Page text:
“The NSF CAREER award is surely a great honor, not just to me, but to my entire research team,” Yang said. “It is an honor to be recognized by my peers and the scientific community for contributions in my field and for my potential as a researcher. This award serves as a tremendous source of motivation, affirming my commitment to advancing scientific knowledge and addressing critical challenges.”
Yang’s project includes educational activities in mathematics and programming for K-12, undergraduate, and STEM graduate students, with an emphasis on diversity and inclusion. These skills will help prepare them to continue advancing science and technology for the next few decades.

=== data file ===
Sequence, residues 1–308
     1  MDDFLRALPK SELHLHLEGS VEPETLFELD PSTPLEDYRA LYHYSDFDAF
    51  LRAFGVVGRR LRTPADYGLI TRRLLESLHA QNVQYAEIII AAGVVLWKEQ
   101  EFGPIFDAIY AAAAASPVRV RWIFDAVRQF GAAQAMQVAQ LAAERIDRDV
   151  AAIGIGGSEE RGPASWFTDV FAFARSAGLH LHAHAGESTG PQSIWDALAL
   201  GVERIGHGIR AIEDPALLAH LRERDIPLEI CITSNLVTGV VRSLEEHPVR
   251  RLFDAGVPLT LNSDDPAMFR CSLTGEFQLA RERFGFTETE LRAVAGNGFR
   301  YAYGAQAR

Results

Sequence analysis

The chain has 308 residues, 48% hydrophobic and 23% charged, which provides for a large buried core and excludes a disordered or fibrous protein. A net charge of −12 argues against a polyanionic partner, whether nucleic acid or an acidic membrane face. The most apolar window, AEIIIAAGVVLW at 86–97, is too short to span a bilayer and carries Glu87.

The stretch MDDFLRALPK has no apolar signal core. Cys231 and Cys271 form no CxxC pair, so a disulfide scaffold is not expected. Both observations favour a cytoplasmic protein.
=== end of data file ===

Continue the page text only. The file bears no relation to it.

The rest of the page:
“The CAREER funding will also provide significant support to our long-term goal of building the pipeline for wave-based inverse problems from theory to scientific computing to real-world application,” he said. “The funds will also support our continuing dedication to promote educational training as well as diversity, equity, and inclusion.”
Yang received his Ph.D. in math from the University of Washington in 2014. Before joining MSU, he worked as a Golomb Visiting Assistant Professor at Purdue University.
Story originally published by the MSU College of Natural Science.